Re-connecting to happiness

In this week's Happiness in Action class, we talked about things that get in the way of happiness.

There are plenty of external circumstances that we humans love to complain about -- whiny children, bad drivers, incompetent leaders, the weather -- but it didn't take long for the group to zero in on the primary barrier to experiencing happiness: what happens in our own minds.

Who among us hasn't created unnecessary misery for ourselves by focusing our attention on things we don't like or want, berating ourselves for our mistakes and shortcomings, or interpreting situations in ways that leave us feeling trapped and helpless?

These habits of mind are often so deeply ingrained that we don't even realize we're doing them, and yet they are constantly shaping our experience.

So what is there to do?

One helpful tool is the serenity prayer, a classic from the 12-step world that I absolutely love. As a business analyst, I used to create a lot of flowcharts, and had this version posted on my bulletin board:

Serenity Prayer Flowchart.jpg

What does the serenity prayer have to do with happiness?

To experience happiness in any given moment, we have to be willing to actually experience that moment -- which can be hard when the moment involves things we don't like. The serenity prayer provides a framework for leaning into those hard experiences and figuring out what we can actually do that will feel good, rather than staying stuck fighting against reality.

I can't change the fact that I made a mistake, or that I just spent half a day beating myself up for it, or that I took my upset out on my family, or that I currently have a raging headache, or that I'm feeling angry and ashamed and just want to sleep. In hindsight, maybe there are things I could have done to prevent these things, but there's nothing I can do now to change the past, so the only thing to do is accept them.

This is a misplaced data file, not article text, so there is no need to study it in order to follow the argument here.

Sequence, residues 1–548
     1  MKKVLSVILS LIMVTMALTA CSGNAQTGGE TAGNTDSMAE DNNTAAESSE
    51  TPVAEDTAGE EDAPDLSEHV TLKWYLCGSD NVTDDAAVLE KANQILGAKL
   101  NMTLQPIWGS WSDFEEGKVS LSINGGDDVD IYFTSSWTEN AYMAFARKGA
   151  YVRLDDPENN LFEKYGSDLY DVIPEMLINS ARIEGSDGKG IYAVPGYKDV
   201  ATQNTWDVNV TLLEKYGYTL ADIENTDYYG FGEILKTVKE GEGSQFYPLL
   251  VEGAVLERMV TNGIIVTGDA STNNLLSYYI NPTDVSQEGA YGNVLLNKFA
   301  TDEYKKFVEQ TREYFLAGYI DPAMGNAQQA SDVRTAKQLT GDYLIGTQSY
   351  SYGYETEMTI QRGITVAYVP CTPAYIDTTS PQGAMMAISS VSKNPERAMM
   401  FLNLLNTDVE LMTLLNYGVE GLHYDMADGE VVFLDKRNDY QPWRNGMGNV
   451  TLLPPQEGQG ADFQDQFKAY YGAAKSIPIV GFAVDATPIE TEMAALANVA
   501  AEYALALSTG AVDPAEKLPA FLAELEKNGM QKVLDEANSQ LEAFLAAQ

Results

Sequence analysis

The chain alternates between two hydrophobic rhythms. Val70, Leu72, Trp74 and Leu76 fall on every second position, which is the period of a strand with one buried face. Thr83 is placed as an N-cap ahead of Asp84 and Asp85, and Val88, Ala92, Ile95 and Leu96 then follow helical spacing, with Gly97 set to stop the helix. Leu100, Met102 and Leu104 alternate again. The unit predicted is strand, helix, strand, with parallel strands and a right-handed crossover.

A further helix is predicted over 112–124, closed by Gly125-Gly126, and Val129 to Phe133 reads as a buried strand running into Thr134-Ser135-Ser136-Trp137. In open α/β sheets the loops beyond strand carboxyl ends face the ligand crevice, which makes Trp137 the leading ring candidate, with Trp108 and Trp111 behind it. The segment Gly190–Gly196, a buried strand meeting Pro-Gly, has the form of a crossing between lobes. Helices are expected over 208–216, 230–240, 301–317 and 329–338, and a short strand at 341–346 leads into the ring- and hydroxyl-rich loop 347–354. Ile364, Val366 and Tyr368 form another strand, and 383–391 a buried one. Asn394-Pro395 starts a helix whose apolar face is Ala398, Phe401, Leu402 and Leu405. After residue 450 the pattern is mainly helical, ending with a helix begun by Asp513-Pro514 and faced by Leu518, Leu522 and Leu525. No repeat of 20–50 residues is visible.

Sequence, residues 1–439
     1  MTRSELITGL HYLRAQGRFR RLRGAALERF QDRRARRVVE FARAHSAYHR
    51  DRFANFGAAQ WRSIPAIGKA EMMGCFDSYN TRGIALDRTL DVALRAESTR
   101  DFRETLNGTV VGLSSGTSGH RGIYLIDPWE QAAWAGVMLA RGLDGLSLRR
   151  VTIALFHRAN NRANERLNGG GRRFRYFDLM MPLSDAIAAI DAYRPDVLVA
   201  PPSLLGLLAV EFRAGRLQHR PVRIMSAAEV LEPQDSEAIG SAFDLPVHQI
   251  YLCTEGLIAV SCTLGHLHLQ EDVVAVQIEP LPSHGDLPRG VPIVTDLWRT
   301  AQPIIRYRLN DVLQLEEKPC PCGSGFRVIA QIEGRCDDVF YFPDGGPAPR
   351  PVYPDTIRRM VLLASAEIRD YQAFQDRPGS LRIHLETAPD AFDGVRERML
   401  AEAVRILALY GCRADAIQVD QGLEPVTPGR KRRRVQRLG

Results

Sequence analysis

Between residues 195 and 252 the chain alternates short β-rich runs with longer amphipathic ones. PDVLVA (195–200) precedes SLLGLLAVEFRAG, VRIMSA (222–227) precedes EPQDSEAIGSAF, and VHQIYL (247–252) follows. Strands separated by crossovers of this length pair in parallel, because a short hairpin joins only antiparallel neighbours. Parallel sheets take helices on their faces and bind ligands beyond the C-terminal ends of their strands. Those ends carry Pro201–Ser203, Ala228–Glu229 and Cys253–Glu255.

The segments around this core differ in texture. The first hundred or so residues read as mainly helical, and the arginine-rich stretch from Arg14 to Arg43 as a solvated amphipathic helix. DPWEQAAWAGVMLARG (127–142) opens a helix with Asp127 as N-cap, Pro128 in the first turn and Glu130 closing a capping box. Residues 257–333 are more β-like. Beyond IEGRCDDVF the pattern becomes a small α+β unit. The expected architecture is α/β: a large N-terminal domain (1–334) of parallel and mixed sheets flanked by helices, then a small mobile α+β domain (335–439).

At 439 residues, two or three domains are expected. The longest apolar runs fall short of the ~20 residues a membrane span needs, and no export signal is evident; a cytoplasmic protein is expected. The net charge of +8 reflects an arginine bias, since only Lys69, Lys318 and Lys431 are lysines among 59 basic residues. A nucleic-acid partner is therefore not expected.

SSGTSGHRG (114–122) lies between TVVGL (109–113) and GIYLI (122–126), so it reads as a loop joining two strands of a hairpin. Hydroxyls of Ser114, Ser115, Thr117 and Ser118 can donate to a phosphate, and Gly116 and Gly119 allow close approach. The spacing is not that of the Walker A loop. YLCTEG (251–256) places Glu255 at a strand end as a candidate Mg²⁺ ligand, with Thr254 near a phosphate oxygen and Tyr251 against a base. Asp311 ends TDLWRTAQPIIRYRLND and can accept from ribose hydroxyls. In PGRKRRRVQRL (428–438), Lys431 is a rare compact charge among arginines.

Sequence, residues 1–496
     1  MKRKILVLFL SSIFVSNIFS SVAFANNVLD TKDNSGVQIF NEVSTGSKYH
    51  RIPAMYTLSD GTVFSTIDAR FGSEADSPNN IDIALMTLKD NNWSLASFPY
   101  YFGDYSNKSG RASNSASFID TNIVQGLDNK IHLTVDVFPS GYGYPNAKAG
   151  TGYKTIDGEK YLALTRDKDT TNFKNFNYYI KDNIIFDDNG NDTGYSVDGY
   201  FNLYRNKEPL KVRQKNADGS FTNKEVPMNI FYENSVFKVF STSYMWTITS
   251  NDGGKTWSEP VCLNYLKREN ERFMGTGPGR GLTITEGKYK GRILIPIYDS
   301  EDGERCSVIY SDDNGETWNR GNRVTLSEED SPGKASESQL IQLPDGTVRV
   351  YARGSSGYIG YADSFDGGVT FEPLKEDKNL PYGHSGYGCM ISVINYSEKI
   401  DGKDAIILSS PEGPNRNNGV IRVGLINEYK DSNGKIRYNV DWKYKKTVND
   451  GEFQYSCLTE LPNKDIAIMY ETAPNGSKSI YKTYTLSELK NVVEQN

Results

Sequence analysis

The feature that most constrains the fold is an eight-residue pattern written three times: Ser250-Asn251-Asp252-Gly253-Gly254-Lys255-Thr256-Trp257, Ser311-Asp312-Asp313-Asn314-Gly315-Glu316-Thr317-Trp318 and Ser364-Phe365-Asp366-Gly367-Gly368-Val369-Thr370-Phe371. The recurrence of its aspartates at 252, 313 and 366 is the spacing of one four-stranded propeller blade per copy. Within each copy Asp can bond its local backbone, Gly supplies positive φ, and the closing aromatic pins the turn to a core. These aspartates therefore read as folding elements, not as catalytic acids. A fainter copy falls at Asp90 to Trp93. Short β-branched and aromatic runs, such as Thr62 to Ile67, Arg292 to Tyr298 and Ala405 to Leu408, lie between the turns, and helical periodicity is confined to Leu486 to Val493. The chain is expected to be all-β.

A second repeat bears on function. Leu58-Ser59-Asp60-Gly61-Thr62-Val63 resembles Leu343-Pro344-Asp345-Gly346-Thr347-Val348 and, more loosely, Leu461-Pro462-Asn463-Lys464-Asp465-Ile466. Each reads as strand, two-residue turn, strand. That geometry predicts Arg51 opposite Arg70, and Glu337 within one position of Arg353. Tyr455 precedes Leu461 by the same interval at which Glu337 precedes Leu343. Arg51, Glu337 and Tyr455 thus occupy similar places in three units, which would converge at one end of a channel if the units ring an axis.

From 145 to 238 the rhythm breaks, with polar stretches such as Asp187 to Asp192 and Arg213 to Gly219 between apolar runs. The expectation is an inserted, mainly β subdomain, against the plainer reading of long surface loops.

What can I change? I can notice what I'm experiencing, and acknowledge that I don't like it. I can change how I'm breathing. I can pet my puppy. I can reflect on what happened with the intent to see things differently. I can ask for help. I can encourage myself. I can correct the mistake.

Writing it out like this, it seems ridiculously simple -- and it is!  But it's also not automatic, especially compared to some of those negative ingrained thought patterns that run on auto-pilot. Moving from theory into practice, over and over again, makes all the difference. 

What's a situation for you right now in which something is getting in the way of your happiness? What happens when you use the serenity prayer to guide you? What other practices help you re-connect to happiness? I would love to hear.